Power Supply NZXT 1200W HALE90 V2 NZXT $300
SSD HyperX Savage SSD Kingston Tech. $130
Case Top Deck Tech Station GamersNexus $250
CPU Cooler NZXT Kraken X41 CLC NZXT $110

Game settings were manually controlled for the DUT. All games were run at presets defined in their respective charts. Our test courses are all manually conducted. In the case of our bulk data below, the same, easily repeatable test was conducted a minimum of three times per device, per setting. This ensures data integrity and helps to eliminate potential outliers. In the event of a performance anomaly, we conduct additional test passes until we understand what's going on. In NVIDIA's control panel, we disable G-Sync for testing (and disable FreeSync for AMD, where relevant). Note that these results were all done with the newest drivers, including the newest game patches, and may not be comparable to previous test results for the same game. Also note that tests between different review outlets should not necessarily be directly compared as testing methodology may be different. Just the measurement tool alone can have major impact.

We measure using the onPresent variable, not onDisplay. Make sure you understand what you're comparing results to if doing so, and also ensure that the same tools are used for analysis. A frame does not necessarily equal a frame between software packages. Our team has built a custom, in-house Python script to extract average FPS, 1% low FPS, and 0.1% low FPS data (effectively 99/99.9 percentile metrics). The test pass is executed for 30 seconds per repetition, with a minimum of 3 repetitions. This ensures an easily replicated test course for accurate results between cards, vendors, and settings. You may learn about our 1% low and 0.1% low testing methodology here:

Windows 10-64 Anniversary Edition was used for the OS.

Partner cards were used where available and tested for out-of-box performance. Frequencies listed are advertised clock-rates.

We'll be looking at the game with 1080p Ultra, Very High, Medium, 1440p Ultra, and 4K Very High. The game was tested near Mission Park, where we mix in cars, grass, and complex trees. We carefully tested at exactly the same time of day, with the same conditions. A sunny day casts more shade from the foliage, which more heavily impacts performance. V-Sync is always disabled.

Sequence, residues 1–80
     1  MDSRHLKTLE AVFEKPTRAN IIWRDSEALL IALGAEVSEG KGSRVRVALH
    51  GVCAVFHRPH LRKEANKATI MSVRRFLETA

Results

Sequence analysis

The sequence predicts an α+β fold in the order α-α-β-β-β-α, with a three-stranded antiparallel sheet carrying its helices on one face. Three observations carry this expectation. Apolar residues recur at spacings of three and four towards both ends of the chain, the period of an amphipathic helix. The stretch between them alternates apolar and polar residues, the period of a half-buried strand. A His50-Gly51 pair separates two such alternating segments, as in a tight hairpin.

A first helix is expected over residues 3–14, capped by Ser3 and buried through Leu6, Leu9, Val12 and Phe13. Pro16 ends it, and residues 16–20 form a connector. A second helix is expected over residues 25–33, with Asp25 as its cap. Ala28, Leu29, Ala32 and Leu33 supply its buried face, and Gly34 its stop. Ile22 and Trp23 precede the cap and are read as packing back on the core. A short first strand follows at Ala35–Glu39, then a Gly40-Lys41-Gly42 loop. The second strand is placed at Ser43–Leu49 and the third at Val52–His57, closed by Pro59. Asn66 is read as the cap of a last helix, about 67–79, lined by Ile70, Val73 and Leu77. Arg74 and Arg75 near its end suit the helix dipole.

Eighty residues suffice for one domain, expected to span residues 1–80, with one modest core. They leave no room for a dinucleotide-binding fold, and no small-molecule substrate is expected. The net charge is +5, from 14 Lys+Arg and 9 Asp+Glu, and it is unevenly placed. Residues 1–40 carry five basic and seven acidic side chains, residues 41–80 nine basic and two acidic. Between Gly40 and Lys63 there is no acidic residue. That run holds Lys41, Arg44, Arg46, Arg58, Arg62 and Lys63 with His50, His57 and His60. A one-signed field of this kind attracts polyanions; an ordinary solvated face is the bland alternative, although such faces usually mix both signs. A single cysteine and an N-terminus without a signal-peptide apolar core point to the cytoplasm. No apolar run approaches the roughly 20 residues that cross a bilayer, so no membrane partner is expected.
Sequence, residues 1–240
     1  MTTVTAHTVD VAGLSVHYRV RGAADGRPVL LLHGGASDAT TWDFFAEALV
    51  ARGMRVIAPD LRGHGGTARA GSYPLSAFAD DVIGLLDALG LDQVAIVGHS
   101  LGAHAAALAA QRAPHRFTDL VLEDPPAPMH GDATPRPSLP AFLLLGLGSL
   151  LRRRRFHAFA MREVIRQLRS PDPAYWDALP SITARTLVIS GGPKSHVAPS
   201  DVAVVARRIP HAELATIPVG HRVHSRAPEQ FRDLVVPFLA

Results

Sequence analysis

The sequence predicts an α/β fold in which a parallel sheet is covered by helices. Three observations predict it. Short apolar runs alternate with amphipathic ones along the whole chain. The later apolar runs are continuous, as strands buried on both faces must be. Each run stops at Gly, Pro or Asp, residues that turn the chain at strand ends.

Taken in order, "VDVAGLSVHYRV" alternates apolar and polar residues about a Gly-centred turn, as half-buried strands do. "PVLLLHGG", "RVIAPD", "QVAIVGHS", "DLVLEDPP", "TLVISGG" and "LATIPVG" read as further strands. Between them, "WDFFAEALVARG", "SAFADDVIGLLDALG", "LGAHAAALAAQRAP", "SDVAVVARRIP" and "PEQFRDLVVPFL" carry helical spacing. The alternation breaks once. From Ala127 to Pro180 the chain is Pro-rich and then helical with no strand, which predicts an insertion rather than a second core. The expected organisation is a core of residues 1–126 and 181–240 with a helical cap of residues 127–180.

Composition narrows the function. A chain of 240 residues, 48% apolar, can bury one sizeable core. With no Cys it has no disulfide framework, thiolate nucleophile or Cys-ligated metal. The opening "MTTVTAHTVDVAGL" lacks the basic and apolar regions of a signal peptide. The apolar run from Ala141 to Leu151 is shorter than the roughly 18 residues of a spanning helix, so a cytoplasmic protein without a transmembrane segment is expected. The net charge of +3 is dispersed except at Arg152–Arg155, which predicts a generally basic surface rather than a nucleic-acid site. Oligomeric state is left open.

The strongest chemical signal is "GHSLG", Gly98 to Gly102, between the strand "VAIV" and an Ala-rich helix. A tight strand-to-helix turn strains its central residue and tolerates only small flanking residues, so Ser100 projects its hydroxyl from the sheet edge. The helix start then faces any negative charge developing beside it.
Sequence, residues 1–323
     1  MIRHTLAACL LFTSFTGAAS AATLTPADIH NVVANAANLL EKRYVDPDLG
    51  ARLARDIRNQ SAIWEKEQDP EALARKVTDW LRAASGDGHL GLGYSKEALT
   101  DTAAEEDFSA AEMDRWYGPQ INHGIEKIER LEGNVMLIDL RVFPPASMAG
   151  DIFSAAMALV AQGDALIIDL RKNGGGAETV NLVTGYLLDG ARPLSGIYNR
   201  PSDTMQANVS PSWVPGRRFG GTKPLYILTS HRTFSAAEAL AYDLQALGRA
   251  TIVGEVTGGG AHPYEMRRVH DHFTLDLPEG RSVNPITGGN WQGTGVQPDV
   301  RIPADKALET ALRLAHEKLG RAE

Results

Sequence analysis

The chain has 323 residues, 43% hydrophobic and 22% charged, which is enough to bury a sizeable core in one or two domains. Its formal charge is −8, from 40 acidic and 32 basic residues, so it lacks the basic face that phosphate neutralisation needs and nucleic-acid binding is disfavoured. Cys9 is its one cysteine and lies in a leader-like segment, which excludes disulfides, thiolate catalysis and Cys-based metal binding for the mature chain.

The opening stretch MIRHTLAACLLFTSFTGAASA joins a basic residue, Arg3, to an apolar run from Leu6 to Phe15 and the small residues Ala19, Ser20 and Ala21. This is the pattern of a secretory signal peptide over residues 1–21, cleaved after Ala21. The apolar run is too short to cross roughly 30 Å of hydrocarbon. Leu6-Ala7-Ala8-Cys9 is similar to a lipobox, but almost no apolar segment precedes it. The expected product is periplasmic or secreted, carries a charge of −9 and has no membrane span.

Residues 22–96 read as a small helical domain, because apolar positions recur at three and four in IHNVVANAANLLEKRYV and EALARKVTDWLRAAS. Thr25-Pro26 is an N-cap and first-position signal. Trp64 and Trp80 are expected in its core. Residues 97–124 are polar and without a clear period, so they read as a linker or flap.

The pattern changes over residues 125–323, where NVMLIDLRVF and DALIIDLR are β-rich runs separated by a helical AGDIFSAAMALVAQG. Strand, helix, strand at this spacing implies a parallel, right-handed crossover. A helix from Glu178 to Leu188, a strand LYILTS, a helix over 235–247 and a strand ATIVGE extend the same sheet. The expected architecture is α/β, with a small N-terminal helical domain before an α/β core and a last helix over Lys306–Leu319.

Performance Scaling in Watch Dogs 2

watch-dogs-2-gpu-scaling

This first chart demonstrates relative performance scaling using aggregate sampling among mid-range cards. This is not a perfect method for determining scaling between quality settings, but provides a baseline. A lower-end device, like a GTX 960 2GB or 1050 2GB, would not see identical scaling to the above (the high-quality performance would be hit much more heavily).

The "Max" setting above is the Ultra preset + 100% "Extra Detail" and HFTS enabled.

Watch Dogs 2 Benchmark (1080p, Ultra): GTX 1080 vs. GTX 1070, Fury X, R9 390X

watch-dogs-2-gpu-1080-ultra

EVGA's GTX 1080 FTW ($680) unsurprisingly leads the pack, operating this configuration at about 76FPS AVG, with lows consistently around 60FPS. The GTX 1070, a card around roughly $400, is capable of juggling 1080p at Ultra settings with a 64FPS throughput and close-behind lows.

AMD's R9 Fury X pushes a framerate comparable to the 970 SSC, not benefiting noticeably from its HBM. That's not the first time we've seen this performance between the 970 SSC and Fury X.

Moving down to the mid-range cards, we're seeing MSI's GTX 1060 Gaming X ($310) operating at 45FPS AVG, about 39FPS 1% low, and 37FPS 0.1% lows. That's fairly tightly timed across the board, and remains reasonably playable. We'll look at how Very High supports the 1060 in a moment, though. For folks on the GTX 970, as shown here, you'll be at roughly equal performance to a GTX 1060.

Moving to MSI's Gaming X version of the RX 480 8GB ($278), the card is producing an AVG FPS of about 41, with lows at 32 and 28FPS, respectively. Our gaps between averages and lows are a bit larger than on the GTX 1060 here, though the visible difference is not necessarily substantial at this point.

Next, the RX 470 4GB pushes a 35.7FPS AVG, with 0.1% lows also somewhat distantly timed. This card begins to exhibit some stuttering during play, a result of frametime disparity.